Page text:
Hybrid cars have been around since even before this millennium. They were the breakthrough of the 90s, with the Toyota Priusʼ release in 1997 as the crowning moment of hybrid cars. Though hybrid cars have been around all the way back to 1899 (Iʼd bet some of you didnʼt think cars as a whole would be around at the time) when Ferdinand Porsche combined a gasoline engine with an electric motor, and since full electric cars are growing in popularity, hybrid cars are still in constant evolution. Cars like the BMW i8 and the Honda CR-Z are still creating waves of excitement and hype in the field of hybrid cars.
What then is the deal with hybrid cars? Why have hybrid cars not yet phased out full gasoline or diesel cars? What are their pros and cons?
Letʼs have a crash course on hybrid vehicles. Hybrid cars were created with efficiency and environmental sustainability in mind. This also means having better fuel economy in mind since electricity would at some point take over. Hybrid engines are common not just in passenger cars, but also in trains, buses, construction vehicles, and even in aircraft.
Hybrid vehicles work primarily when diesel or gasoline works to start the car and to get it moving, while electric motors take over at higher speeds. Hybrid cars are, of course, marketed for their fuel economy and their environmental friendliness. The mpg ratings on hybrid cars are off the charts since electric motors take over in higher speeds. Hybrid cars also have way less harmful carbon dioxide emissions, at some point even claiming to have zero carbon emissions. Hybrid vehicles are considered a breakthrough in heavy traffic, start-stop driving, where fuel consumption is often the highest. Hybrids are also considerably quieter with their electric motors.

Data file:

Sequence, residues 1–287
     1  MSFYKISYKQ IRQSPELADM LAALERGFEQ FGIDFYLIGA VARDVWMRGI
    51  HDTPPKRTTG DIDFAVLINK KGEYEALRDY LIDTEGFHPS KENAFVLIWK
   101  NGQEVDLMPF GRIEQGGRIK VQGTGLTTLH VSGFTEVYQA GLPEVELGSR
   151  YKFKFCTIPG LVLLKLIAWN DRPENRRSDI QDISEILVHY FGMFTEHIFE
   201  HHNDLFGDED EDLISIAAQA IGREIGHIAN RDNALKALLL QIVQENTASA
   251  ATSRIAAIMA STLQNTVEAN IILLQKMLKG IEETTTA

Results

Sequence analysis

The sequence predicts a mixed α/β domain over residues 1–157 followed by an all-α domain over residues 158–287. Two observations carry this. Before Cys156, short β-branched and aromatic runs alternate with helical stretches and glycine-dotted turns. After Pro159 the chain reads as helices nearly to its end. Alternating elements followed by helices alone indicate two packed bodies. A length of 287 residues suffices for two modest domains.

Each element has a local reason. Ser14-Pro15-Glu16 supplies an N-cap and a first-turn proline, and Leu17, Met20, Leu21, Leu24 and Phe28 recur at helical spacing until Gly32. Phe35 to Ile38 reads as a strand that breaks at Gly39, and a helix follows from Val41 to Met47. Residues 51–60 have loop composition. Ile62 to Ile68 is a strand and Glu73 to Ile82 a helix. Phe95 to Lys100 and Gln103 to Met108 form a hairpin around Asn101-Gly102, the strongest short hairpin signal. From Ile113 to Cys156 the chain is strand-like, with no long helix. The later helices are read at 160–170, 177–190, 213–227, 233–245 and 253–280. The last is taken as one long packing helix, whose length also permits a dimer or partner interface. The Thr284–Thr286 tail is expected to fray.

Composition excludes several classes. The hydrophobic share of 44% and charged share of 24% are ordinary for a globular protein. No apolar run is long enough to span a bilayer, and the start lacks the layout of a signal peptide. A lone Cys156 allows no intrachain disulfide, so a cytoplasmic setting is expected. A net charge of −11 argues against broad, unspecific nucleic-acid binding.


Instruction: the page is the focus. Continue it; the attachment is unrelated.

Why then havenʼt hybrid vehicles or full-electric cars dominated the market? First of all, hybrid vehicles still cost a premium over their diesel or gasoline brothers. As the technology continues to evolve, however, it wonʼt be long when this technology becomes more accessible. Of course, marketing still comes into play for additional brand costing. It also does not help to know that the savings in fuel economy may not make up for the extra cost of the car itself for a long time. Second, there is still debate on the true carbon footprint of hybrid cars. While the carbon emissions directly from the car are greatly reduced, the electricity used by that car still comes from somewhere. Finally, the stigma that hybrid cars are “lame” still looms. With sports cars going hybrid though, that stigma has largely faded. Nonetheless, that stigma is a villain to the marketing of hybrid cars.
Hybrid cars and full-electric cars are definitely the future of automobiles, with legislation being planned to phase out full-diesel or gasoline cars in the far future. Full-electric cars, booming in its own market, are a topic in itself for a later date.
This is a friendly Acom reminder to always consider the future in all that you do. God bless!